Article from The Guardian :
Thomas Pynchon: what art can learn from the great pop author
The 1960s produced many pop artists and one great pop novelist. The fiction of Thomas Pynchon is not pop in the sense of popular – he’s fairly “difficult” – but in the true sense of pop art, in that it takes its images, language and references directly from the big, bad, modern world around it.
Today, Pynchon is one of the most important creative figures on the planet. Still pumping out formidable and monstrously contemporary fiction – his latest novel Bleeding Edge deals in an engrossing, hilarious and shocking way with the Deep Web, video games and 9/11 – he not only disproves all those pessimists who fear literary novels are doomed in the digital age but points a way forward for serious practitioners of all the arts… not least for visual artists.
Pop imagery is everywhere in today’s art, and so is the imperative to engage with the multi-voiced, multichannel, democratic abundance of the digital world. How to do justice to this teeming new age? Some artists have abandoned the role of author and let the audience become the art – as Antony Gormley did with his Fourth Plinth project –while others, likeCory Arcangel, sample modern electronic life.
Pynchon demonstrates a bigger and better way of making art out of the reality we inhabit right now. He soaks it all up, ingests a stupendous volume of cultural phenomena then transfigures them into a comic phantasmagoria, where everything is metamorphosed into joyous pastiche, parody, and grotesque fantasy.
All great modern art is abstract. The power of pop artists such as Jasper Johns and Andy Warhol was that they understood this. While pop art seems to be about things, it actually translates them into abstractions. The most perfect example of this metamorphosis is Flag by Jasper Johns, which is a copy of a flag that has become something else. It has been abstracted.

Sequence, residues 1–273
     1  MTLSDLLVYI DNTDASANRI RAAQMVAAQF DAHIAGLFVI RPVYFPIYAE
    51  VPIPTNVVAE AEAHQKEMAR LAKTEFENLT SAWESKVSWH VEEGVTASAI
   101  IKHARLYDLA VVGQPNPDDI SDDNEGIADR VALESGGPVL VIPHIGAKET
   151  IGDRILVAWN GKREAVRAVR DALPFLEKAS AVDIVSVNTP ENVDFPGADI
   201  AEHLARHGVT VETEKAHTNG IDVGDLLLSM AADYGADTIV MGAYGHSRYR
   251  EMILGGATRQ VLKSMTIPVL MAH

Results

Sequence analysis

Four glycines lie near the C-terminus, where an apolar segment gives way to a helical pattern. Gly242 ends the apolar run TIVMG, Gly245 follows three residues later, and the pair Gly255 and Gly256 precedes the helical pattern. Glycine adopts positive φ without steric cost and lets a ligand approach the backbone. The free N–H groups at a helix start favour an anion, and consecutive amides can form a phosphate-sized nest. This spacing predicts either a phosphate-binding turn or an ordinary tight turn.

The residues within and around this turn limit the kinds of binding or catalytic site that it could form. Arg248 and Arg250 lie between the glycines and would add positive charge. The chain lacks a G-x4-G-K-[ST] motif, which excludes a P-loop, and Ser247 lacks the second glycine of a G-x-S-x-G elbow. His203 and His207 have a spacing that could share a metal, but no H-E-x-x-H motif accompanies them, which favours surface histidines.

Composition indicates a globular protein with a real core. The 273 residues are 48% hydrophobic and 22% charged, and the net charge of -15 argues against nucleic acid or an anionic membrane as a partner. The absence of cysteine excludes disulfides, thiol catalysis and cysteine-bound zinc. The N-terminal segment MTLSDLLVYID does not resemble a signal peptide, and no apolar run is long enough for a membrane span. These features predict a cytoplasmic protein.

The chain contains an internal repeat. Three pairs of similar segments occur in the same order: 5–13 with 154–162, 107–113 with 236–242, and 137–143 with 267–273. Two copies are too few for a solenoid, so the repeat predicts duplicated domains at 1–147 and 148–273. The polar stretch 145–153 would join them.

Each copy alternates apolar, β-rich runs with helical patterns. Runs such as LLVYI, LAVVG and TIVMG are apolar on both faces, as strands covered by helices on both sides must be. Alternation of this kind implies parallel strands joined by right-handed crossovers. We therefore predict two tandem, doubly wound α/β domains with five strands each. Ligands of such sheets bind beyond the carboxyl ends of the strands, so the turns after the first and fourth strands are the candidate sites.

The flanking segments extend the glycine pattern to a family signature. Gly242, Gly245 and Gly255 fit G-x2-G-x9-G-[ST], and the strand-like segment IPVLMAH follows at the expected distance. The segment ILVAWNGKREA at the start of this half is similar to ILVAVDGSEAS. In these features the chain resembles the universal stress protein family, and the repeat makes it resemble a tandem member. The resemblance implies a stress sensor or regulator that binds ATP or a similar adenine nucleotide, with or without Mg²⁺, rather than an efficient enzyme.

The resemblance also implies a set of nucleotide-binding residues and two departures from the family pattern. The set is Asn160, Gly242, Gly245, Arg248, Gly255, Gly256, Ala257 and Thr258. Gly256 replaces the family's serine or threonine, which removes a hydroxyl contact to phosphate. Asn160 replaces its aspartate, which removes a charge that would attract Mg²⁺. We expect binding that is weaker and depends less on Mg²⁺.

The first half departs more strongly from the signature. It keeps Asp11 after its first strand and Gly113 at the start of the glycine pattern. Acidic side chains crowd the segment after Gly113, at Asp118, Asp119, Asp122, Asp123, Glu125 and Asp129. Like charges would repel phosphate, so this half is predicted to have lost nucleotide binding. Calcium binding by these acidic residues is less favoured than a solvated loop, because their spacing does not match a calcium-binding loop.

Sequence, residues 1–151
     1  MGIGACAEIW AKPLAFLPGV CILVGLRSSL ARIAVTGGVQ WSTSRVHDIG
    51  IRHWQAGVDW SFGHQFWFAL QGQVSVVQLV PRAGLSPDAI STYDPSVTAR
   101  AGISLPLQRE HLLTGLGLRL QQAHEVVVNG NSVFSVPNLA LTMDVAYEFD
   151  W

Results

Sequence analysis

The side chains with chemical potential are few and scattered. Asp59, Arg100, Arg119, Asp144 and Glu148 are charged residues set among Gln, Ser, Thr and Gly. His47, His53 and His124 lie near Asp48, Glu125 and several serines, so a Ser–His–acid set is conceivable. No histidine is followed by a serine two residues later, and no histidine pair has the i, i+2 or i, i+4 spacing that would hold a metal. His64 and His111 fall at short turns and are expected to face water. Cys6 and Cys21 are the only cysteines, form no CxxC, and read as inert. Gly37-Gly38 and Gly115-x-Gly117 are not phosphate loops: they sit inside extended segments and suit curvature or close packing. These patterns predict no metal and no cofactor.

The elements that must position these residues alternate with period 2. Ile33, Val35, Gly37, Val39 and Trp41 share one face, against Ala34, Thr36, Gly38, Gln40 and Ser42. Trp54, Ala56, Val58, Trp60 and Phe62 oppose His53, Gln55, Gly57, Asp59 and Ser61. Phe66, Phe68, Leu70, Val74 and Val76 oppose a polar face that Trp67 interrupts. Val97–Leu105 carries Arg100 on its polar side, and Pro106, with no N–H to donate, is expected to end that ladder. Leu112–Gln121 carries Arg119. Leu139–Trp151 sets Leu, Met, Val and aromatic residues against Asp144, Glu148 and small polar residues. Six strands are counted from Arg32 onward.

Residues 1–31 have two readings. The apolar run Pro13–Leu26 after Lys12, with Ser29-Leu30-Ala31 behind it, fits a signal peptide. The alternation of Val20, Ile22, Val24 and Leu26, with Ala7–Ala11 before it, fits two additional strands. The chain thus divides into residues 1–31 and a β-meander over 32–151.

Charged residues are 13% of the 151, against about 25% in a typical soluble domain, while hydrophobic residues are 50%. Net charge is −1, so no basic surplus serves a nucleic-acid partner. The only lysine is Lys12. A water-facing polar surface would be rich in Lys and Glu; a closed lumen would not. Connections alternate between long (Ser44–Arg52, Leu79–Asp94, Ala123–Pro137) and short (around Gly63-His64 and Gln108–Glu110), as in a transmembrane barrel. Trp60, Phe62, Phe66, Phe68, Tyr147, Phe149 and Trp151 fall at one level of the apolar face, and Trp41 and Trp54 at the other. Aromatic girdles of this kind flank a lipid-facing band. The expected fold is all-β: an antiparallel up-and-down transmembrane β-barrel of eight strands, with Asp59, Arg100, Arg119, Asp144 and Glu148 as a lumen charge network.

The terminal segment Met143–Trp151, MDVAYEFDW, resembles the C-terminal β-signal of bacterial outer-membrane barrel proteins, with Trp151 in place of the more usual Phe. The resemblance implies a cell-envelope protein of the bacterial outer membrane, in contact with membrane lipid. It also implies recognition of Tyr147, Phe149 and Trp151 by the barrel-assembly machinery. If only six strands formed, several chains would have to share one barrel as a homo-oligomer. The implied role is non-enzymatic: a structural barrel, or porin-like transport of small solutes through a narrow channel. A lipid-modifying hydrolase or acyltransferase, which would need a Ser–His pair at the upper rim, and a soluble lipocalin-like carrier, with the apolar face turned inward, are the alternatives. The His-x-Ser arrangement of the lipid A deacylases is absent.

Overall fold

Pynchon achieves the same thing in language. At around the same time that Phil Spector invented the “wall of sound”, Pynchon invented what might be called the Wall of Prose. His words are like an ocean full of the floating debris of modern life. In 2013’s Bleeding Edge, which is set in the summer of 2001, a father takes his sons on a tour of the midwest to experience the old arcade games of the 1990s before they vanish forever. A woman searches for the perfect Jennifer Aniston haircut. A New York radical reads, what else, the Guardian.
Even with its retro-setting in recent history, this novel is immersed in the way we live now. Pynchon, in common with Johns or Warhol or every young artist right now, does not think for one second the “serious” artist should stand aside from this stuff.
So what can Pynchon teach artists? It has to do with complexity.
The pop artist he most resembles is Robert Rauschenberg. Just as Rauschenberg drew together the city’s trash into enigmatic “Combines” and represented history in haunting collages, Pynchon collects innumerable cultural artefacts into his fictions and weaves them into montages of modern history. The effect is to communicate the difficulty of understanding things, and the hidden layers of meaning in every moment.
Pynchon does not use pop to create simple messages, but resonant and suggestive ones. You don’t come away from his writing with any easy answers, but a fresh sense of the difficulty of knowing anything and the sheer massiveness of the world we inhabit.
There is a scene in Bleeding Edge that describes the Fresh Kills garbage islands of New York. This evocation of the city’s mountains of trash is as beautiful as anything by TS Eliot, an image of all that is forgotten, thrown away and lost. I want to see it as an artwork!
This is what artists ought to be doing. We’ve had enough one-dimensional images amd instant sensations. We need art that does justice to the scale and wonder and horror of this life we’re in – without turning away from it into some pious ivory tower.
What would a Pynchonesque video installation look like? A piece of truly Pynchonesque digital art? I’ll tell you exactly what it would look like: the great art of our time.